Most Irish family businesses are positive about clarity of roles and embrace change rather than resist it. 84% of respondents are satisfied that there are clear roles and responsibilities for those tasked with running the business. Meanwhile, 74% of family businesses indicate that they have access to reliable and timely information that contributes to the overall decision-making process.
But worryingly, only a minority of Irish family businesses have taken the time to set goals and targets that encompass key metrics such as diversity and inclusion or social impact. Action must be taken in the short-term by most Irish businesses to ensure that they are responsive to societal needs and the demands of today’s consumers, as it is clear that ESG and a holistic diversity agenda are becoming more and more pressing.
In the main, Irish family businesses are trending ahead of global results when it comes to their ability to adapt to change. Irish boards are more likely to include women than the global average. However, it is worth noting that 26% of Irish boards have no female representation (compared to 31% on a global scale).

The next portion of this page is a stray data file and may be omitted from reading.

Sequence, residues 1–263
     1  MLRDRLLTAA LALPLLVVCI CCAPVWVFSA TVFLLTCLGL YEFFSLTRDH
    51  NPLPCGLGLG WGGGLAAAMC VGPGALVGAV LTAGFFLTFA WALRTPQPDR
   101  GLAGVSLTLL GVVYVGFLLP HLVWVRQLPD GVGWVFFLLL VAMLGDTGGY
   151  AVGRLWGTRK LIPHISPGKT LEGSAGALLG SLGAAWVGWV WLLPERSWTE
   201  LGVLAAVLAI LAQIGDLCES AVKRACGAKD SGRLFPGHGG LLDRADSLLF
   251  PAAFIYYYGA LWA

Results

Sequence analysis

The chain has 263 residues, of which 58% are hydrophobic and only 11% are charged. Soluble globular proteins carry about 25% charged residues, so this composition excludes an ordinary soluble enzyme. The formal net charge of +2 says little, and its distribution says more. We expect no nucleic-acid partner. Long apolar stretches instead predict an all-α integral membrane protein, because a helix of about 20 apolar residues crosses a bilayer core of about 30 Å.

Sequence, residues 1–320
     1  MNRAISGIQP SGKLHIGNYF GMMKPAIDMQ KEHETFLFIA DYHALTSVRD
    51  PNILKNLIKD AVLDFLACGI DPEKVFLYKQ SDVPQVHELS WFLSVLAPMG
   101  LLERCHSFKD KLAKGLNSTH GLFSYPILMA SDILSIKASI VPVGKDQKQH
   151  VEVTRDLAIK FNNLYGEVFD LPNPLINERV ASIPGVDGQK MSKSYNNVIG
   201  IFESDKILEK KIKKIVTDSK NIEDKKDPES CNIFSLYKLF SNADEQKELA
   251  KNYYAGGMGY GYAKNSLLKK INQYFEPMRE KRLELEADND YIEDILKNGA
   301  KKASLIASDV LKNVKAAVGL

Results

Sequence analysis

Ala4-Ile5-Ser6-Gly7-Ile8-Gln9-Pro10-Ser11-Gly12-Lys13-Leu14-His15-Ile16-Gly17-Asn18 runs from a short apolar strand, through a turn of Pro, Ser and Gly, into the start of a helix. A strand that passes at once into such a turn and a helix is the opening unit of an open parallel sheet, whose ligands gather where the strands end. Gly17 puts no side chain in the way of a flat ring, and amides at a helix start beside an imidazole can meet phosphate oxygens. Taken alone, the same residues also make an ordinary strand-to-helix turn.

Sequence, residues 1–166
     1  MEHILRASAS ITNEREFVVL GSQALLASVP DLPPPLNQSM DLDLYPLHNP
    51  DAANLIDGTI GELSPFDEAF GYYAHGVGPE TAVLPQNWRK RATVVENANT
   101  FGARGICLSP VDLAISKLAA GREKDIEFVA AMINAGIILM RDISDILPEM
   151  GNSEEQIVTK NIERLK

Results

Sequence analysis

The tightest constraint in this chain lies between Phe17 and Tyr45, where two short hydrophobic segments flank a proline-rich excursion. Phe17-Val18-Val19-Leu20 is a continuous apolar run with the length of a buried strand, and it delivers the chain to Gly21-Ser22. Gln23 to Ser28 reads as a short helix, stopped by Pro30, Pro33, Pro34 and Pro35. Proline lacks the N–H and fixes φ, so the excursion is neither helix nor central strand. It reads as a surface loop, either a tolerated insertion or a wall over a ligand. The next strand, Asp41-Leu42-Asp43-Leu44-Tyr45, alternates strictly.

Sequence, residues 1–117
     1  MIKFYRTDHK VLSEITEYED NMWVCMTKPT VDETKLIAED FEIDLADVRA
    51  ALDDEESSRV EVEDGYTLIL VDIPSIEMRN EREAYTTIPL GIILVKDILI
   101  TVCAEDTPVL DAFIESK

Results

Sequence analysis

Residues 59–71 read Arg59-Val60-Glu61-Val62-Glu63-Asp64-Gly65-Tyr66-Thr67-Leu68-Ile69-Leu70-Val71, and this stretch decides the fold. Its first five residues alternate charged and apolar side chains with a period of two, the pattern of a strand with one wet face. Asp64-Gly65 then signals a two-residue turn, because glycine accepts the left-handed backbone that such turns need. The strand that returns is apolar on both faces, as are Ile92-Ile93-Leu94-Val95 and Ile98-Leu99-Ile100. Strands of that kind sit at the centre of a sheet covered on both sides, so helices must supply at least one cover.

Furthermore, only 39% of Irish respondents feel they have strong digital capabilities. However. this is not a uniquely Irish problem with the global response trending slightly higher at 42%. Irish family businesses must help their staff become comfortable with technology and harness its potential.
To maintain employee trust, employers should dispel any undue fears of workplace replacement by technology. This can be achieved by actively creating opportunities for employees to build skills.
In our recent Workplace Hopes and Fears Survey 2022, 52% of Irish employees sought a combination of remote and in-person working. Irish family businesses must be flexible and meet employees’ needs in terms of hybrid and remote working. This will require investment in digital capabilities to support employees working remotely.
Building trust is of utmost importance to family businesses. You can do so by taking the following actions: